But the film is all about psychological tension – there are no action sequences. Even our time with the Basterds is about slow, building tension created by alignment with certain characters. The film has at least 4 centerpiece sequences of tension (The farm, Shoshanna’s luncheon with the SS, the meet up in the bar, and the climactic destruction of the moviehouse), which is high for any movie of any style. All of these turn on the close up, the sine qua non of subjective filmmaking; the Giant Face. To underscore this, Tarantino is pitting the French, in love with auteurs, against the (initial) UFA goals of a more distant, Objective cinema, personified by Leni Riefenstahl. The conversation between Zoller and Shoshanna when she’s on the ladder changing the marquee is the key to the movie, as far as I’m concerned. He’s talking about a national cinema, and she’s talking about perspective and filmmaking eyes. They both like Pabst, even though he’s and old Germany, one of the German Expressionists. This is the “taint” that is likely going to keep him from being able to stomach that final sequence of his own movie – he’s not a nationalist at heart, he’s too expressive and human.

    But back to the huge face. Obviously, Shoshanna’s cackling, Wizard of Oz mug is the most obvious referent, but that whole section is laden with reeeeally important close ups. Watching Hammersmark’s face as she gets interrogated, watching Zoller watch himself, etc. is the key to the multiple perspectives at play. Moreover, when we finally see Landa lose his cool as he strangles Hammersmark, we see it not full-bodied, but as two close-ups. Things play out on his face that you only get a hint of previously, a deeper, and personal perspective, and this is how you know he’s going to turn on his country later in the film, in that one moment.

    Because this is the way I see the film, I have a different opinion on some of the things that put you off. The circling camera at the dairy farm is an expressive move – as they discuss the hawk circling the rat, the hawk is, by expressive camera movement, circling the rats. The close up of the cream is, in and of itself, just a shot of cream, but in that sequence, it’s another tension-builder. It slows down the pace and shows us how odious this cream is for Shoshanna. She’s focused on it, we’re focused on it, because Landa was so insistent, and we all just want this damned luncheon to be over.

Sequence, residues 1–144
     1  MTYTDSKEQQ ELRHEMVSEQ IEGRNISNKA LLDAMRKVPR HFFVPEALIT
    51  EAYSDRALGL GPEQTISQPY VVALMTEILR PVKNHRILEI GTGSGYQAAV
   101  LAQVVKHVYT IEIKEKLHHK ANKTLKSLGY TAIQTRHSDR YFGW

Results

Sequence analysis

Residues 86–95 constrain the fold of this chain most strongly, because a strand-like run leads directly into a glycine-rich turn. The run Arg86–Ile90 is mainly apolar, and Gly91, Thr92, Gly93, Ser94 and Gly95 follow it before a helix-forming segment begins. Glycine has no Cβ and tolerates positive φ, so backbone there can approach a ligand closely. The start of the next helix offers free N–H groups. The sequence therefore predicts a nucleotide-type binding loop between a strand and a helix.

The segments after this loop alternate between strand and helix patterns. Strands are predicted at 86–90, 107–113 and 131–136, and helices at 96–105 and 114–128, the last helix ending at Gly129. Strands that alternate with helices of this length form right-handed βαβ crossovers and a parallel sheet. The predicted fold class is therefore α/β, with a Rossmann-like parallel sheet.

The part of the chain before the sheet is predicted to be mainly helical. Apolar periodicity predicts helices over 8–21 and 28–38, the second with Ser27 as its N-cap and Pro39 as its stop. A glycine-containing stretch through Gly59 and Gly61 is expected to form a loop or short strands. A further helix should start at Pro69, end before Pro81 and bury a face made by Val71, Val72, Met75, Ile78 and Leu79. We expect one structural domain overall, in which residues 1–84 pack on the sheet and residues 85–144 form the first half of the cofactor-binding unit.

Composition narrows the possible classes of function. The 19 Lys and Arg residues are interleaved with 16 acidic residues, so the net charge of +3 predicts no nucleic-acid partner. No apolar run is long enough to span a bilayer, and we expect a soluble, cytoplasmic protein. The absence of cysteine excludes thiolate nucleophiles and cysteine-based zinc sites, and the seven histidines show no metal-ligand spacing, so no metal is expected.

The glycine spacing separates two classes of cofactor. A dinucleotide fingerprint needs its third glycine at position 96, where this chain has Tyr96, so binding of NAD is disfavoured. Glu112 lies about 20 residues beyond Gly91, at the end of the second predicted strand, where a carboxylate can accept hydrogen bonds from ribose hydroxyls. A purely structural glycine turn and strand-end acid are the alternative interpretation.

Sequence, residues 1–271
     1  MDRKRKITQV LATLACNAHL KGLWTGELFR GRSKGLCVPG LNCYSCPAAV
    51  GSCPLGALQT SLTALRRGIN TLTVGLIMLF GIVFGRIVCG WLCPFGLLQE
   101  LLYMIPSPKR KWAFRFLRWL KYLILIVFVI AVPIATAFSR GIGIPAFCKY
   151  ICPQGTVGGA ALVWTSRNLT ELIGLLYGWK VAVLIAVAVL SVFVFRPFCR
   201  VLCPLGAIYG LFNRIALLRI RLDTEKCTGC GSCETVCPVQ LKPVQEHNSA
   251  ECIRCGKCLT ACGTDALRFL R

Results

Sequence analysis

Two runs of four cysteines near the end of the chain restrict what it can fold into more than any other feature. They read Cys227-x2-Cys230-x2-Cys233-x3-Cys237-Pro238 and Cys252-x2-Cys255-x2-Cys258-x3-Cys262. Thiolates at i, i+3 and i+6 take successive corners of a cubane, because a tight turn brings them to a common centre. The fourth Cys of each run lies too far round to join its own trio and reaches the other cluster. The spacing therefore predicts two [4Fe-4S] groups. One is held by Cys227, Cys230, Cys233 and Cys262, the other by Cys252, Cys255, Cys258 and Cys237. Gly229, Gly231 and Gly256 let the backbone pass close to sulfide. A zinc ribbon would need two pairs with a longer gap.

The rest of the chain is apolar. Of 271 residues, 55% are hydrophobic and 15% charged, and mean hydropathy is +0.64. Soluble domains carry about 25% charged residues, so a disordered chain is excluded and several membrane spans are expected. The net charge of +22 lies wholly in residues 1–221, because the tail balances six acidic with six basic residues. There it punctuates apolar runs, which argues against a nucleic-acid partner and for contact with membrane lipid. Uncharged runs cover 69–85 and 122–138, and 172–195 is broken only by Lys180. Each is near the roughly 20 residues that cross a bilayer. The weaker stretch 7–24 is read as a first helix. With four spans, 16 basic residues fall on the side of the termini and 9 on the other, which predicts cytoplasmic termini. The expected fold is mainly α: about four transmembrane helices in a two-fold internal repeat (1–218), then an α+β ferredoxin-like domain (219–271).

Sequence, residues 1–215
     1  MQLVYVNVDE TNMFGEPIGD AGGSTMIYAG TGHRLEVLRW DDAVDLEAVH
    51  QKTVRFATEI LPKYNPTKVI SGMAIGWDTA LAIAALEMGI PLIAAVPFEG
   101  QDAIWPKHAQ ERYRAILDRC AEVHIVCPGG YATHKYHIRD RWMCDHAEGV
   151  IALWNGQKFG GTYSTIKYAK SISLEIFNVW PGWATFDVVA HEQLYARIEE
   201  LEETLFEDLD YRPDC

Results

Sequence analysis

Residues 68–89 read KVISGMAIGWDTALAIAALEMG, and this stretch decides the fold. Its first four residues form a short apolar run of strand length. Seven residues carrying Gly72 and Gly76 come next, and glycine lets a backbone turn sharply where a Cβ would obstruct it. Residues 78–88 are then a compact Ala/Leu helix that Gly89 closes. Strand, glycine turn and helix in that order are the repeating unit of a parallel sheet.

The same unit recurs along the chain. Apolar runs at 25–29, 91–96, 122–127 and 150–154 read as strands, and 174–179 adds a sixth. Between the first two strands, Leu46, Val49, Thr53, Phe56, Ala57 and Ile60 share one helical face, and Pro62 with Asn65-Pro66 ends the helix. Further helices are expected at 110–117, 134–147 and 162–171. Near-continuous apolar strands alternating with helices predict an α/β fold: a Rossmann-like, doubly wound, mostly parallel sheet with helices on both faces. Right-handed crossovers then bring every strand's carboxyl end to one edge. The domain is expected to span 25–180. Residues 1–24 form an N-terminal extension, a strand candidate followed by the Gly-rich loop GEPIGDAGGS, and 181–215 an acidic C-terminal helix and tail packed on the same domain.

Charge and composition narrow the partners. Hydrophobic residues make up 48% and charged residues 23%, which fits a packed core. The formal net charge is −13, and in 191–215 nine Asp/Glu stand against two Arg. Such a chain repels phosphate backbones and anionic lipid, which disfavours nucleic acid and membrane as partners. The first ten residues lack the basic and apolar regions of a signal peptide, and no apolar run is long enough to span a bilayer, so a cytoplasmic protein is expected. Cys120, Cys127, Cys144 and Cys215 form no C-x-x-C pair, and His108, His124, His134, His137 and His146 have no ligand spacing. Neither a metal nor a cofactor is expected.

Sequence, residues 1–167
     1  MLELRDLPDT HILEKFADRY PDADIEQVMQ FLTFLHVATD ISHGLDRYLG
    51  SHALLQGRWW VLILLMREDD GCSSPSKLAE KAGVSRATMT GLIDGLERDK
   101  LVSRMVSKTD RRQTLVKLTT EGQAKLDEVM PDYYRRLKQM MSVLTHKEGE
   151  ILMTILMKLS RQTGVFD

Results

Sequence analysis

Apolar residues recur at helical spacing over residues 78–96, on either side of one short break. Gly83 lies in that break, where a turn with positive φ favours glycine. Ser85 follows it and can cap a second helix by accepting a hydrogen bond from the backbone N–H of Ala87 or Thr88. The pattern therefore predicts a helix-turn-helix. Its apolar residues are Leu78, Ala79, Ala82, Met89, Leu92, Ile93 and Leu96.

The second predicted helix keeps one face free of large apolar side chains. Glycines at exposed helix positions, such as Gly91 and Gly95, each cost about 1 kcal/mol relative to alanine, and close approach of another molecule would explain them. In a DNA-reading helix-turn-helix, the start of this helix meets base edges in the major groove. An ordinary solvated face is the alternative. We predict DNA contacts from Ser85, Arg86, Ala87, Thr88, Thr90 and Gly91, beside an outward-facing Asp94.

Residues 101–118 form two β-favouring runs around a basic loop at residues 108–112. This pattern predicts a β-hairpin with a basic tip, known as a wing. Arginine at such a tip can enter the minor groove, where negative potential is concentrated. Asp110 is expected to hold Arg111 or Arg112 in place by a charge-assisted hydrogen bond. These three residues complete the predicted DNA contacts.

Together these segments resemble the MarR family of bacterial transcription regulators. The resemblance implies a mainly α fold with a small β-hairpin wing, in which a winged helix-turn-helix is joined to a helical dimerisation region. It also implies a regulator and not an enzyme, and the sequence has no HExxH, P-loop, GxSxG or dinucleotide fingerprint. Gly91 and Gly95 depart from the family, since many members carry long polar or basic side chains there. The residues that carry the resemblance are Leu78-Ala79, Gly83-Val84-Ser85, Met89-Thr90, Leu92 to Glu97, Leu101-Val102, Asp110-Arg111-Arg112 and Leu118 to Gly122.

Hopefully I’ve expressed this adequately. I still don’t feel like I have all the answers, and I’m still mulling this movie, 3 days later.

  4. The whole “cream kosher” angle was lost on me when I saw the movie. Had I known that it would have supplied some better tension.

    • Oh, is it not kosher? That’s not why it’s odious in my eyes. It’s odious because we have to *wait* for it, as Landa insists, and she just wants to get the eff out of there.

  5. PS – Pulp Fiction and Kill Bill don’t have stories to tell? I disagree!

    • I’d be interested to hear what your notion of the Pulp Fiction story is (and I mean that sincerely, what with your film school cred and all).

      • Well, I mean, it’s a collection of stories, interwoven. I think that’s pretty indisputable. It’s the story of a boxer who grows some pride, dooms himself, and redeems himself (while losing his LA privileges). It’s the story of a couple of hitmen that have a couple of really bad days, one moreso than the other. It’s the story of a crimelord and his wife who also have a couple of really bad days.

        Now, what it might not have is a *point* beyond being an effective entertainment an exercise in style. I mean, perhaps there’s the sort of “don’t get involved in the seedy side, because it leads to ruin” point, but I think that’s more inherited from the “source material.” But the stories, they’re there.